Civil War: The Nuances of Reenacting
An obvious modern impact of the Civil War shows through those who keep the history alive. Reenacting groups participate in organized events all over Kentucky. Kentucky Public Radio's Chris Taylor set out to learn more, and got a lesson in garb.
Shannon Jefferies of Glasgow is the Company C Captain of the 6th Kentucky Infantry. He formed the reenacting group a couple years ago based on the real militia raised out of Barren County. His unit dons gear crafted in period-style design when they go to battle. But, Jefferies says, it isn't that way for every unit, the level of authenticity is often a point of contention between reenacting groups.
Jefferies- There's a few out here that I've saw. You go to an event, maybe another group. They're wearing cowboy boots with their uniforms and they're wearing sunglasses. They're just not putting as much into it as they probably should. I don't allow stuff like that in my unit.
Jefferies says on the other hand, while his group err's on the side of pretty authentic, some groups may scoff at what his unit wears.
Jefferies- They want you to go out here and buy a coat that's a hundred percent handmade even the stitches on the button holes are hand sewn even on the button holes and such. They may only allow you to buy a certain color or a certain cut of a coat. You know a lot of them you're not even allowed to have a tent. They'll sleep on the ground. They're more hardcore I guess than we are.
Jefferies says his group's middle ground level of commitment is what's really helped it grow from a few to almost thirty active members. Company C only requires members to buy reproductions from quality sutlers. Originally, those were merchants who during the War would follow troop movements to peddle their wares and keep companies stocked. It's much the same today, except with many more repeat customers.
Williams- It is a fantastic hobby for your family.
Kathy Williams from Union City, Tennessee is one of those sutlers, but not for the soldiers... she runs a small dressmaking business called Lady Adelines. According to Williams, authenticity isn't a battlefield-only concern and can even have health effects on both men and women.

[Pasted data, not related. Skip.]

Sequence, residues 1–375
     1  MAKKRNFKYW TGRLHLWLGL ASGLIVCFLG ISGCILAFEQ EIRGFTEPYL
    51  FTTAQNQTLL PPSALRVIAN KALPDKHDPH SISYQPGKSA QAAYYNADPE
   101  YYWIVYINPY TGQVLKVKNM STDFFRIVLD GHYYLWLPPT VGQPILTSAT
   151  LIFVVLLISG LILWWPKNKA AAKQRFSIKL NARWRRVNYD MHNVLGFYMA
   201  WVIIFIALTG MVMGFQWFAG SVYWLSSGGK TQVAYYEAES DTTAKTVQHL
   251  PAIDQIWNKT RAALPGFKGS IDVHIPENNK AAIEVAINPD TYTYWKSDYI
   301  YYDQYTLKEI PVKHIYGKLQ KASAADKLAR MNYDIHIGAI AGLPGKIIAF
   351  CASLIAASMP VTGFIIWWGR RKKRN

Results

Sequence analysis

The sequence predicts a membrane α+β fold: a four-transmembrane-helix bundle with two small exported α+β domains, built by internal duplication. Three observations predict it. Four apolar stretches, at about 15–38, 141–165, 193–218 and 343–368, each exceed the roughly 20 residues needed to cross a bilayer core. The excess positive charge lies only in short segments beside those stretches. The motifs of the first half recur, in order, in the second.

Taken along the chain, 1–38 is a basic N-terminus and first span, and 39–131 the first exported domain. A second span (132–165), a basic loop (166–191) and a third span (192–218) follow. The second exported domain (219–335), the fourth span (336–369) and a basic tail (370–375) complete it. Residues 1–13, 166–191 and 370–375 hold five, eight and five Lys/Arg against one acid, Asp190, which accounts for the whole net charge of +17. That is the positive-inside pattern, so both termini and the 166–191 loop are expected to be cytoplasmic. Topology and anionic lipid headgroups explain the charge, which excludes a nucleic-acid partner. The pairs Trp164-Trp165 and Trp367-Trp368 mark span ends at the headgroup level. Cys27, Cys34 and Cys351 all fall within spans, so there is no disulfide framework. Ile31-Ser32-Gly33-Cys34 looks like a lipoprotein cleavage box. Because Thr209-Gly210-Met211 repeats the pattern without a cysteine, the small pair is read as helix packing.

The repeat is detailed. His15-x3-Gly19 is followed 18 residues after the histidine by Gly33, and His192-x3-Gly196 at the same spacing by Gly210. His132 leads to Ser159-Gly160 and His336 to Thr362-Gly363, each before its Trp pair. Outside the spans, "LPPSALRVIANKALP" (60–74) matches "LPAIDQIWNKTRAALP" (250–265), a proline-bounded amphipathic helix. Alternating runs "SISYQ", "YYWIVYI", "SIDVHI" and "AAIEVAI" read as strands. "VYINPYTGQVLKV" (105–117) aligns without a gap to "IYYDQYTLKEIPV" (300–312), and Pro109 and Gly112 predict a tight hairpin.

Williams- When you look at a woman and she has on the proper materials, she looks like she just walked out of a history page. You'd be surprised at how seriously the ladies take their role in learning the correct mannerisms: the correct way to walk, the correct way to stand. When you see a woman walking around making something out of upholstery fabric, she's not going to look right. It's going to be really hot and she's probably going to pass out.
Williams warns if women use the wrong materials, it can lead to heat stroke. So at events, she teaches women about their undergarments' or using layers under their finer fabric.
Williams- The reason why they layered so much was that your body oils and sweats and things pour onto inner layers and not on the exterior, because you didn't want to be able to wash that too much so that it would wear and tear. So your undergarments took all the beating.
Williams says the summer heat offers plenty of perspiration so women get a first-hand appreciation for the practicalities of period dress. Williams says through the period style, woman's clothing can help paint the atmosphere in broader strokes. She says the larger reenacting events host Civil War beauty pageants and ball room dancing.
Williams- The ball is kind of like the highlight of the ladies' weekend. We love to doll up and go get our best, finest, prettiest dresses on and display them.
Many like Williams and Jefferies will be attending the region's largest events this year at the Battle of Shiloh in Tennessee and the Battle of Sacremento near Hopkinsville, both of which draw thousands of spectators from across the country for an authentic taste of what life was like during the Civil War. But just how much authenticity will Kathy Williams embrace?
Williams- I personally don't camp. I get made fun of. They call me the Ramada Ranger or the Motel Militia.